It’s been a while, so let’s be optimistic, shall we?
As Nick pointed out in a recent post, it’s hard to win close when a baseball team’s bullpen is among the very worst in the game, so it’s not surprising to see that the Brewers are 15-17 in 1-run games. The bullpen’s 4.60 ERA ranks 27th in MLB at the break, and not one regular reliever is under 3.96. It’s especially been a source of angst over the last month, when the team lost a string of close games largely as the result of repeated bullpen failures. The team has blown 14 “save” opportunities, the second highest mark in all of MLB.
Just why is this happening? Well, the reasons aren’t really too mysterious. For starters, they’re allowing too many base runners to reach safely. They have the highest WHIP (Walks+Hits/Innings Pitched) in the game. Allow a lot of men on base and you’re going to give up a good number of runs. The issue most firmly in their control is the fact that, as a pen, they’re 26th in walks per 9 innings, having allowed 4.00. Those are some grisly numbers too be sure, but as bad as they’ve been, there are some pretty good reasons for optimism going forward.
First of all, as much as the free passes have hurt them, the bigger problem as been that they’ve simply allowed a large number of hits. Some of that is teams squaring up balls, but some of it is just plain random variance. They have the very worst BABIP in the game, an unsightly .341 mark. That can partly be explained by the large number of line drives they’ve allowed, their 24.5% mark is the highest of any bullpen according to Fangraphs. The problem with simply saying that their high BABIP is the direct and sole result of the high line drive percentage is two fold. First off, the way that line drive percentage is calculated is somewhat open to question. Beyond that, though, is the simple fact that high line drive rates don’t automatically lead to high BABIP’s. Given all that, there seems to be a very strong chance that the bullpen’s BABIP drops, perhaps significantly, in the second half and that will lead to fewer total base runners.
It’s especially interesting to see that the team has allowed so many hits when one considers that, as a unit, they’re 6th in K/9 at 9.03. The guys have the raw stuff to dominate hitters and miss their bats, and they’ve done it often enough this season. What’s more, when balls are put in play, 47.5 percent of the time they’re on the ground, and that’s good for 7th best in the league. Ground ball percentages have some of the same problems as line drive percents (not all are created equal and perspective matters) but, in general, it’s safest for a pitcher if batters are putting balls on the ground instead of in the air. It’s also worth noting that the mid season additions of Tyler Thornburg and Livan Hernandez figure to negatively effect ground ball rate if they start seeing sizable numbers of innings.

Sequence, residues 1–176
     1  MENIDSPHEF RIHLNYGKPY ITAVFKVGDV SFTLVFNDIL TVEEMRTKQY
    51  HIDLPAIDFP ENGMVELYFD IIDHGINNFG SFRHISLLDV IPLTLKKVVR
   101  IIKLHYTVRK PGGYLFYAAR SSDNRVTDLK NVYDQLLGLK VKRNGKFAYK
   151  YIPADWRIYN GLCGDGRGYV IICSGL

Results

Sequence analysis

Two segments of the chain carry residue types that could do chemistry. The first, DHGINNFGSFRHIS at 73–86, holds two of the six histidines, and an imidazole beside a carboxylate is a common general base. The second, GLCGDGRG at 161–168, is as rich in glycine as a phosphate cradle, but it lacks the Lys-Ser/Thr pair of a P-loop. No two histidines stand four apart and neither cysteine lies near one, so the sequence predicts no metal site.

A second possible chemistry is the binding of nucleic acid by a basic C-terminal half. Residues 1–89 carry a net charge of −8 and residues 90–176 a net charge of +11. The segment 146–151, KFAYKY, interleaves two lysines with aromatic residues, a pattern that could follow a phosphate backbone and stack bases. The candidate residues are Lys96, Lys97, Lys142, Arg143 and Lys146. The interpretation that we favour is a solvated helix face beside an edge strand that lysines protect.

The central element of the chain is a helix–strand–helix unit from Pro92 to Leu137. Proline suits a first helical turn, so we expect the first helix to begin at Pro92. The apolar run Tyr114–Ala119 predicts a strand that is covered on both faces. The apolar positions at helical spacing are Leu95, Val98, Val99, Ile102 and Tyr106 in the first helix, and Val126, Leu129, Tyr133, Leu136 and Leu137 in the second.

Getting back to the idea of hitters putting balls in the air, it may seem as though the Brewers relievers have allowed a lot of home runs this year, but the reality is is they’re actually very much middle of the pack (13th) in home runs per 9 innings at 0.93. One can make a pretty strong case that they shouldn’t even be that bad, though, as they’ve also allowed the 7th highest number of home runs to fly balls. In other words, even though they’ve done a pretty good job of keeping balls down on the ground, when they’ve been up they’ve gone out of the park at a higher-than-expected rate.
Finally, there is the not so little matter of leaving runners on base. It’s not something the Brewers relievers did very often in the first half, as their 27th ranked 69.5 left on base percentage can attest. That is more than 5 percentage points lower than the league average of 74.8% in 2012. While low LOB numbers will often be chalked up to pitchers failing to pitch well out the stretch or other such controllable things, Fangraphs points out in their definition of the stat that outlying LOB numbers are often prone to regression.
That last link from Fangraphs contains a particularly interesting sentence that sums up pretty well what the Brewers bullpen has been through so far this year:
The Brewers bullpen has the league’s worst BABIP, it’s 7th worst home run to fly ball ratio and 4th worst strand rate. That is one hell of a trifecta and a profoundly #Brewers2012 thing, but it just doesn’t seem to be very sustainable in the long run. If the team that seemed determined to exemplify Murphy’s Law in the first half, the bullpen certainly exemplified the team. The question before us is, can adding Tyler Thornburg and the baseball gods deciding that the Brewers relievers have done their share of suffering be enough to get the team over the hump, or will some other set of disasters befall a team that has seen more than it’s fair share? Only time will tell, but betting on the bullpen to stay as bad as it was in the first half seems a likely loser.